Can the UNC System’s Return-On-Investment Findings Be Trusted?

Design errors may be limiting an otherwise useful study’s utility.

A report on the financial returns on a UNC education, commissioned two years ago, was finally released in Nov. 2023. The study was done by the private consulting firm Deloitte, working with the RPK Group and the Burning Glass Institute, and included results from 765 undergraduate and 599 graduate programs on the 16 campuses of the UNC System, offered from 2015 to 2020. The data permit three types of comparisons: earning differentials for graduates across institutions, earning differentials across disciplines, and earning differentials for those studying and then staying to work in the state of North Carolina.

While the results are controversial and somewhat difficult to understand fully, critical information can be gleaned concerning several important educational issues. These conclusions are summarized below, with an indication of the limitations and ambiguities that seem to be attached to the study.

Return on Educational Investment

Of primary interest to users of this report are the comparisons of lifetime earnings among students in multiple educational categories: (1) those who receive an undergraduate degree compared to those without an undergraduate degree and (2) those who receive a graduate degree compared to those who receive only an undergraduate degree.

The summary results of the study, including all programs and campuses, are the following:

The UNC study contains major unanswered questions about the discounting of future earnings gains.Lifetime earnings for those with a UNC-System bachelor’s degree are $1.2 million compared to $628,000 for those without a degree. This earnings differential of $572,000 must be reduced by the cost of the degree itself to provide a net return on the college-education investment.

Using a “calculated student investment” of approximately $78,000, the study found a net return of $494,000. Ninety-four percent of the system’s undergraduate programs had a positive differential for graduates.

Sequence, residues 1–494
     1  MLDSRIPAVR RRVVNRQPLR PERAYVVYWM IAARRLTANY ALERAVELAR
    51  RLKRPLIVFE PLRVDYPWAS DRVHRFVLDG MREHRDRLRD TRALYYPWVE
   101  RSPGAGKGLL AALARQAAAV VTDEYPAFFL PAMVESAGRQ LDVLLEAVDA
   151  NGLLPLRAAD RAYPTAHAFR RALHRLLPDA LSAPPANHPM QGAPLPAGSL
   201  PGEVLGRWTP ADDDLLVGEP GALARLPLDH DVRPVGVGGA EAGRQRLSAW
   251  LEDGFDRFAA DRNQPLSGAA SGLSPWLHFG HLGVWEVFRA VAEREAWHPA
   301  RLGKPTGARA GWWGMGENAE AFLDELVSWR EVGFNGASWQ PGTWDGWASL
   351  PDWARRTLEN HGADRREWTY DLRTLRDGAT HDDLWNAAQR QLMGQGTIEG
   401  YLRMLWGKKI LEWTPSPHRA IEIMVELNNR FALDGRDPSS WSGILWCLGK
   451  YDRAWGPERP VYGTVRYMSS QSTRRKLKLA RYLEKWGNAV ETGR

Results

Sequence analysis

For the graduate-degree holder, lifetime earnings are $2.1 million, or slightly less than $1 million more than the holder of only a bachelor’s degree can hope to receive ($2.1 million minus $1.2 million). Given an additional cost estimate of $70,000 for a graduate degree, the study found an earnings differential near $900,000 for graduate-degree holders. Ninety-one percent of the system’s graduate programs had a positive differential for those receiving the graduate degree.

The above earnings, according to Deloitte, were calculated using 2021 dollars in order to standardize the price level and remove any gain for later graduates (from a higher price level) or loss for earlier ones (from a lower price level).

While these two summary conclusions seem impressive and attractive at a glance, the UNC study contains major unanswered questions about the process of discounting future earnings gains and the percentage rate of return. These concepts are illustrated in a separate study on returns on a college education recently performed by three economists at the Federal Reserve Bank of St. Louis.

According to the St. Louis study, higher education continues to offer attractive returns to its customers. Indeed, “the rates of return on a college education in 2020 were: 24.1% for white men, 22.7% for white women, 14.2% for Black men, 13.5% for Black women, 35.9% for Asian men and 31.1% for Asian women.”